Friday, 30 January 2015


For as long as people have been dating, falling in love, and forming lasting relationships, there has been this frustratingly complicated emotion around, too. It's called jealousy. And for as long as researchers have studied it, it's been affecting men and women differently.
How? Past studies have found that men are more upset by the idea of sexual infidelity (even when an emotional connection is lacking), and women are more upset by the idea of emotional infidelity (even when a physical exchange does not take place).
Recently, researchers from Chapman University and UCLA tried to replicate these findings. They surveyed four different groups (heterosexual men and women, as well as homosexual men and women), and according to their findings published in the Archives of Sexual Behavior, the idea still stands. The majority of straight males they surveyed said the concept of a partner having sex with someone but not falling in love was more upsetting than cheating emotionally.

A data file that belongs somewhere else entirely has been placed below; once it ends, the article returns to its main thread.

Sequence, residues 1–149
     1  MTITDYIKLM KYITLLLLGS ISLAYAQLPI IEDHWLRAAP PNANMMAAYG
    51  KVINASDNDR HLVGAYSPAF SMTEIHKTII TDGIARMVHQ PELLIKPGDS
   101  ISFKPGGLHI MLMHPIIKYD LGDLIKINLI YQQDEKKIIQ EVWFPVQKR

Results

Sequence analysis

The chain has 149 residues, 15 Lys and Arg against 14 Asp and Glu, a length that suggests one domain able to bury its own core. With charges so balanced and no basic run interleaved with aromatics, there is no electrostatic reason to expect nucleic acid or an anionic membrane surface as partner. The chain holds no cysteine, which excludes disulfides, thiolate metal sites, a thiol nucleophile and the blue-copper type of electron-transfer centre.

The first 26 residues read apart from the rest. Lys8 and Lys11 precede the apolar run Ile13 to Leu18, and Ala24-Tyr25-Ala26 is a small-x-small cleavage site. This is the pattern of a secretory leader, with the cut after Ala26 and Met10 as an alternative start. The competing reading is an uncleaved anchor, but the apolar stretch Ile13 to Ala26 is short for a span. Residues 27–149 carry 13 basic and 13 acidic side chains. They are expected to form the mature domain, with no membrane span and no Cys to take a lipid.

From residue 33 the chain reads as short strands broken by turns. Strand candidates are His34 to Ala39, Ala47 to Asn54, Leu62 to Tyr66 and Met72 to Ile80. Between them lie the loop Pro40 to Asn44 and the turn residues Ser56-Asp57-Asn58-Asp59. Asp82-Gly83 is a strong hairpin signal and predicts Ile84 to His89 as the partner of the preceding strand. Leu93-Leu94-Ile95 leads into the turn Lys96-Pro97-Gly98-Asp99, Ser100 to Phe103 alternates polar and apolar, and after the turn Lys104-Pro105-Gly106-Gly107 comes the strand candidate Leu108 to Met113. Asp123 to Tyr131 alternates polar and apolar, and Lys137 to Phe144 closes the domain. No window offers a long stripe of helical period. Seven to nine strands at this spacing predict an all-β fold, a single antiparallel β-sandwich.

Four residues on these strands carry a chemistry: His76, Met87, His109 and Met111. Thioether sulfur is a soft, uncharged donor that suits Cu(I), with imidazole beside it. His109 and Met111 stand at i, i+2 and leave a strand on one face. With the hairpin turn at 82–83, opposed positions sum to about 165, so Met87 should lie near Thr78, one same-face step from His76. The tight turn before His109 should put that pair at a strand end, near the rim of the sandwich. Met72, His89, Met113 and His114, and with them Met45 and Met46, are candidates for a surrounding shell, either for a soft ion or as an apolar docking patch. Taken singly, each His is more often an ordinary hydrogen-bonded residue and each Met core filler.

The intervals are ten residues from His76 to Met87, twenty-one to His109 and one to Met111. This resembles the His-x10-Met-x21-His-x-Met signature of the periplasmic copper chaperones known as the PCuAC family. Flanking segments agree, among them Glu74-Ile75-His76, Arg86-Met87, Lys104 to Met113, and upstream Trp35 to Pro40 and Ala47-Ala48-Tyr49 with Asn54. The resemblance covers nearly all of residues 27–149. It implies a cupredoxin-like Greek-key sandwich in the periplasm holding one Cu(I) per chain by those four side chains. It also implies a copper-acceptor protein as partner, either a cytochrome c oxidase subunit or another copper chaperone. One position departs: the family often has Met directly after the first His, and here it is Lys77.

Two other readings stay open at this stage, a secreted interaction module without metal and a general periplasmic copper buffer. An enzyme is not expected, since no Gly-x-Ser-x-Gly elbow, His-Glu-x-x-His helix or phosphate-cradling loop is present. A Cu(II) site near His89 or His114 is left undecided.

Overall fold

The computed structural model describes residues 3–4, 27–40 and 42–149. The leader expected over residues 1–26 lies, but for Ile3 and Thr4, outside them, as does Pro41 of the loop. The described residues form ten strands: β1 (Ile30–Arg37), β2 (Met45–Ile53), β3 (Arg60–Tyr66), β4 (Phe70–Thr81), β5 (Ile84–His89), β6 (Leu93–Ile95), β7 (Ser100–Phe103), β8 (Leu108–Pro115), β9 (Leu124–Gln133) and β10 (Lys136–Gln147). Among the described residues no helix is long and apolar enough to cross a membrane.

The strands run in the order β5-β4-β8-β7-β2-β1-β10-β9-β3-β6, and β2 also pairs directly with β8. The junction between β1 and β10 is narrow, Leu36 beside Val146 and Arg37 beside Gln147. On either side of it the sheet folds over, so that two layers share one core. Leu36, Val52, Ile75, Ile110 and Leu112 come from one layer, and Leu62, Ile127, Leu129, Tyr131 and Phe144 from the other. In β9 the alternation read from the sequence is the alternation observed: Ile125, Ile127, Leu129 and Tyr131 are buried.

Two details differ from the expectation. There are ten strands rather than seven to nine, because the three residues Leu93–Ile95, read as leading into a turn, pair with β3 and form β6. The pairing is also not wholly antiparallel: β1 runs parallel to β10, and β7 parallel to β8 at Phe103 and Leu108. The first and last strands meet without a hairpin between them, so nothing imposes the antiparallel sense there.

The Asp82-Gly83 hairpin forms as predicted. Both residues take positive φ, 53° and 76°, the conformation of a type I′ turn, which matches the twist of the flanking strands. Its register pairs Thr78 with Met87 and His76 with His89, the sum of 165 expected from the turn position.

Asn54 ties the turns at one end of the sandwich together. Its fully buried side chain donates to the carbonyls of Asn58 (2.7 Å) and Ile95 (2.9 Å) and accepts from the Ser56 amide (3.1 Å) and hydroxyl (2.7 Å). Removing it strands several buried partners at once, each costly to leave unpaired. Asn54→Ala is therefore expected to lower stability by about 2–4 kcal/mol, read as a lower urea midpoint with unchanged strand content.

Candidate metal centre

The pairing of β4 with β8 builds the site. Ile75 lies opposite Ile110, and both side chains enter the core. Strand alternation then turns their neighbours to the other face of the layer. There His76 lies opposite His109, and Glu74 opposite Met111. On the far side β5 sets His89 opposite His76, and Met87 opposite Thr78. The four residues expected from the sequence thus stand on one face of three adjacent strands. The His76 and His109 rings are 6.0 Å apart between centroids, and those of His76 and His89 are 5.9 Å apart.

So what's to blame for these common conclusions? At the core, researchers said, it all comes back to evolution. For men, evolution dictates that they are more concerned with their DNA surviving, rather than how a child is raised and taken care of. So, the idea of another man having a chance to pass on their genes with their partner, has been (and apparently still is) quite upsetting. On the other hand, women tend to be more concerned with the well-being of their children — in evolutionary terms. So if the man is gone or not emotionally present, survival rates for their offspring are significantly lower.
Granted, this sounds a bit old-fashioned in today's world, and the researchers did note that these studies should be taken with a grain of salt. Sure, evolution has created a familiar pattern, but they do make it clear that other factors have an impact on jealousy in both genders.


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